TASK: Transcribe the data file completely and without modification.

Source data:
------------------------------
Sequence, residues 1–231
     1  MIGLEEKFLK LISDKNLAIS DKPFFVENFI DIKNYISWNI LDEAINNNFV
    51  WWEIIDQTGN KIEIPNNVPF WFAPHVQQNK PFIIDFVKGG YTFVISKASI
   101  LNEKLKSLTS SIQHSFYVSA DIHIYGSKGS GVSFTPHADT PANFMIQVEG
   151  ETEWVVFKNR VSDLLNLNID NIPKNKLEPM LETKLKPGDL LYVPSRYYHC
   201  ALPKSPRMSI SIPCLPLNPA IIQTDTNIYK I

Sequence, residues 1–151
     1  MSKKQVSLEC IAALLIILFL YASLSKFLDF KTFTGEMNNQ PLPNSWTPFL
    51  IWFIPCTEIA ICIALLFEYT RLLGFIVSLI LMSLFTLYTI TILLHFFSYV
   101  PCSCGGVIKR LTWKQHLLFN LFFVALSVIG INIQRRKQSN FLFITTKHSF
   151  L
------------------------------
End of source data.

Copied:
Sequence, residues 1–231
     1  MIGLEEKFLK LISDKNLAIS DKPFFVENFI DIKNYISWNI LDEAINNNFV
    51  WWEIIDQTGN KIEIPNNVPF WFAPHVQQNK PFIIDFVKGG YTFVISKASI
   101  LNEKLKSLTS SIQHSFYVSA DIHIYGSKGS GVSFTPHADT PANFMIQVEG
   151  ETEWVVFKNR VSDLLNLNID NIPKNKLEPM LETKLKPGDL LYVPSRYYHC
   201  ALPKSPRMSI SIPCLPLNPA IIQTDTNIYK I

Sequence, residues 1–151
     1  MSKKQVSLEC IAALLIILFL YASLSKFLDF KTFTGEMNNQ PLPNSWTPFL
    51  IWFIPCTEIA ICIALLFEYT RLLGFIVSLI LMSLFTLYTI TILLHFFSYV
   101  PCSCGGVIKR LTWKQHLLFN LFFVALSVIG INIQRRKQSN FLFITTKHSF
   151  L